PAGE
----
Detectives Ross Beer and Glen Hallahan investigated the murder. They interviewed the crews of 21 ships berthed in the river that night.

They also questioned members of the homosexual community. The men interviewed told them of a number of gay bashings. They also said fear of the police stopped victims making complaints.

Hallahan flew to Sydney to follow up on some of the sailors and to interview two people who were in the Playboy Club. While there he caught up with Shirley Brifman. Brifman, now a successful Sydney madam knew Hallahan from her time as a Brisbane sex worker.

She paid him bribes and they were lovers. In Sydney, Hallahan told Shirley about Venamore’s murder. He showed her photos of Gary’s battered body.

Blackmail

The detective told Shirley about his big new idea. The murder inspired him to embark on a new money-making scheme. Hallahan intended blackmailing homosexuals. Afterall, he now knew they were reluctant to lay complaints, even against criminals. What could they do against the police themselves?

The investigation into Venamore’s death went nowhere. Shirley Brifman died of a suspected drug overdose in 1972. She died in a police safe house in Bonney Avenue, Clayfield. In eighteen days time, she was due to give evidence against Detective Tony Murphy in a perjury trial.

Murphy along with Terry Lewis and Hallahan made up the so-called Ratpack. They were the ringleaders and chief beneficiaries of Queensland police corruption. Murphy went on to become an assistant commissioner. Lewis became Commissioner and a knight of the realm, before disgrace and imprisonment.

Years later author Matthew Condon interviewed Dorothy Knight about the murder. She suggested that Gary overheard a conversation on the night of his death at the National. The person he overheard was Detective Glen Hallahan.

In 2014, the Queensland Police offered a reward of $250,000 for information on Gary’s death. Of course, to claim the reward the information must lead to a conviction. It was fifty years last month since the murder.

In 2017, Attorney-General Yvette D’Ath announced an inquiry into Shirley Brifman’s death. There is hope something might come of that.

Attempted robbery or gay hate crime?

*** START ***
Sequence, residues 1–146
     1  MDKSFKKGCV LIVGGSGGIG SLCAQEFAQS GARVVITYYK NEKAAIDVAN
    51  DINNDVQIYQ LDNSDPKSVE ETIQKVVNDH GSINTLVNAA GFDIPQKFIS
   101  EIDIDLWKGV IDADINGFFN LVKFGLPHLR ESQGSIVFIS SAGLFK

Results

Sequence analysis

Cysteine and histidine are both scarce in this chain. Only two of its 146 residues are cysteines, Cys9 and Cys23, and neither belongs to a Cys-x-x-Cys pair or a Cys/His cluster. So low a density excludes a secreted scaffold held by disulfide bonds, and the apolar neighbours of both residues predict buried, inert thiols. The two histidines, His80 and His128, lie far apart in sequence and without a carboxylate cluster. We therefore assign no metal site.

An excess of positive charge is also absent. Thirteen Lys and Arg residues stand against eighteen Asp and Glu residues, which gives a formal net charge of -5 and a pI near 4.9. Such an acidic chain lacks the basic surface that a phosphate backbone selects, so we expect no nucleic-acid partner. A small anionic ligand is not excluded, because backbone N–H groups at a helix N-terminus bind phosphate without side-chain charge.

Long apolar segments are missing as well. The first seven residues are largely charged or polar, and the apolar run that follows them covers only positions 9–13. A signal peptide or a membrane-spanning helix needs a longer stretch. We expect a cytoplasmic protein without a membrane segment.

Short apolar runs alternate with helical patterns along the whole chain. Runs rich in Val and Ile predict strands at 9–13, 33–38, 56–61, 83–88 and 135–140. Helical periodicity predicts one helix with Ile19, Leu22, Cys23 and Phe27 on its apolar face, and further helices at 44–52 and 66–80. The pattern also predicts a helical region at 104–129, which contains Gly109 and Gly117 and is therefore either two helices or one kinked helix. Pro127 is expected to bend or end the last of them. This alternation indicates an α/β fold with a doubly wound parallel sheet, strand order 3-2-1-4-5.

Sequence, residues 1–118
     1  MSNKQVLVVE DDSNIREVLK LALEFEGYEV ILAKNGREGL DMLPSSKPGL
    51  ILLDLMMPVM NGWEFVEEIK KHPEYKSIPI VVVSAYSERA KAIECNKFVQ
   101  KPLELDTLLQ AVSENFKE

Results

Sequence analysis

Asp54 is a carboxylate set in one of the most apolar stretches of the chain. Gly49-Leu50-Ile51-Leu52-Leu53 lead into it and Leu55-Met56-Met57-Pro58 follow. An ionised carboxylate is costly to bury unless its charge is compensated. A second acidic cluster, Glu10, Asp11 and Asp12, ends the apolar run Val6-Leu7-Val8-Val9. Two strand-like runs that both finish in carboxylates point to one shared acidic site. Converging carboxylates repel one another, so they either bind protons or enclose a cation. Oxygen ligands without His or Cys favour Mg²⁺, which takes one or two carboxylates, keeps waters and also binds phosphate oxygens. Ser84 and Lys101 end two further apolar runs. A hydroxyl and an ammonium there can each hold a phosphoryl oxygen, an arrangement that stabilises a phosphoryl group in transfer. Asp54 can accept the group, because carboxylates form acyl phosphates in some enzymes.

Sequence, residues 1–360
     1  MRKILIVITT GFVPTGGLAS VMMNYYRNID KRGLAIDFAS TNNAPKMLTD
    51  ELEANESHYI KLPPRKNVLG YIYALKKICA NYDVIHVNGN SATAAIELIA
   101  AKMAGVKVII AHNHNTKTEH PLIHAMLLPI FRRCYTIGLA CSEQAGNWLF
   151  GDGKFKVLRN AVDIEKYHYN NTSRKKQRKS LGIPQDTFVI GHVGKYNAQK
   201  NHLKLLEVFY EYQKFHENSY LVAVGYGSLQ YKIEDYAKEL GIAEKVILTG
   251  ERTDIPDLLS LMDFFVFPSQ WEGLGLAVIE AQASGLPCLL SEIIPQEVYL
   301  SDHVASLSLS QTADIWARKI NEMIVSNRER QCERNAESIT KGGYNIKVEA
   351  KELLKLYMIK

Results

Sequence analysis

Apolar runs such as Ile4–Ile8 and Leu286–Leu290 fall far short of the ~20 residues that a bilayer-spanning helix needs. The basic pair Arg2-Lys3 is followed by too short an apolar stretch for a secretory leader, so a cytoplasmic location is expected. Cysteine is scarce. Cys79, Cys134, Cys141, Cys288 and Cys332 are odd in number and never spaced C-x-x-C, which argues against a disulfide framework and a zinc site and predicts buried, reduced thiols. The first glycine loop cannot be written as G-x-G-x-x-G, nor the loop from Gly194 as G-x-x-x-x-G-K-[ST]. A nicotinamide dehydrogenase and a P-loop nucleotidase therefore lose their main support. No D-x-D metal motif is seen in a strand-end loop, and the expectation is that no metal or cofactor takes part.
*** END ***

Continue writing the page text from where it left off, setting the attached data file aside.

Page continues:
After drinking with a sex-worker friend, Gary Venamore left the Playboy Club at 2.25am on the morning of 6th November 1968, taking a cab to New Farm with two men.

Someone heard a scream between 2 and 3 am and just after 6 am a ferry master noticed a body floating under the Story Bridge.

According to forensic scientist Dr John Tonge, someone – Dr Tonge presumed two men – threw the battered and unconscious man into the river to drown around 4 am.

Initially, Inspector Kunst of the C.I.B. assigned 30 detectives to the Venamore case. They checked on known criminals and the crews of ships in the vicinity of the murder.

Gary was socially prominent as a committee member of the annual Bushwhacker’s Ball, a highlight of the Brisbane ball season (and distinct from the Bushwhacker’s Balls run by Dame Sybil Von Thorndyke in later years). A criminal might assume Gary carried a lot of cash. He did not.

Kunst hinted at Gary’s homosexuality when he told the media, “The detective check on ships in port is based on crime histories in other ports throughout the world where seamen selected victims… where they thought the offence might not be reported to the police.”

Was Gary bashed to death in an attempted robbery? Was it a poofter bashing? Did his gaydar fail him that night and he ended up dead because of an unappreciated advance?

After a few drinks, he would, according to Detective Ross Beer, “make approaches to people,” people meaning men.

Peter Cotterell, who knew Gary, said of him, “An amiable drunk, but all too fond of doing the beats pissed.”

But did more sinister forces play a role in Gary Venamore’s death?

The ‘most dangerous’ detective

One of the investigating officers was Detective Glen Hallahan. As documented by Steve Bishop in The Most Dangerous Detective: The Outrageous Glen Patrick Hallahan, Hallahan’s police career entailed more crime than crime fighting.

He took bribes, pimped women, passed counterfeit notes, imported and trafficked drugs and had a suspicious proximity to far too many murders. Bishop also mounts a convincing case that Hallahan framed an innocent Raymond Bailey for South Australia’s Sundown murders.

Circumstantial evidence and a confession inconsistent with the physical evidence – a confession obtained by Hallahan – sent Bailey to the gallows.

During the investigation into Venamore’s death, Hallahan flew to Sydney to interview crews of ships moored in the Brisbane River the night of the murder. While in Sydney he visited the town’s leading madam, Shirley Brifman, formerly a Brisbane sex-worker who both paid bribes to Hallahan and slept with him.

Showing Shirley photos of Gary’s battered body, he explained his conclusions to the investigation thus far.

In a normal homicide investigation, an investigating detective reaches a conclusion as to potential suspects and motives. But this was no ordinary homicide investigation and Detective Glen Hallahan examined evidence from a somewhat peculiar perspective. He came to an unorthodox conclusion. Hallahan concluded, from information gathered during the murder investigation, that homosexuals were ideal blackmail victims.

The detective had no suspects. He had no eyewitnesses. He could suggest no substantive motive. But what he did have, was a business plan.

Discovering that members of Brisbane’s gay community suffered frequent violent assaults in silence, as afraid of the authorities as of their assailants, Hallahan formulated a financial strategy. At that time, the penalty for homosexual sex acts in Queensland was 14 years jail with hard labour.

Hallahan’s corrupt crony, Terry Lewis, sent at least one man to jail for three years on the strength of no evidence other than the man’s own ‘confession.’

Hidden cameras

According to Shirley, Hallahan placed hidden cameras at the Figtree toilets and recorded the comings and goings. “The businessmen who are homosexuals, you would not believe it,” he boasted. He and his cronies blackmailed those businessmen. The idea was not original.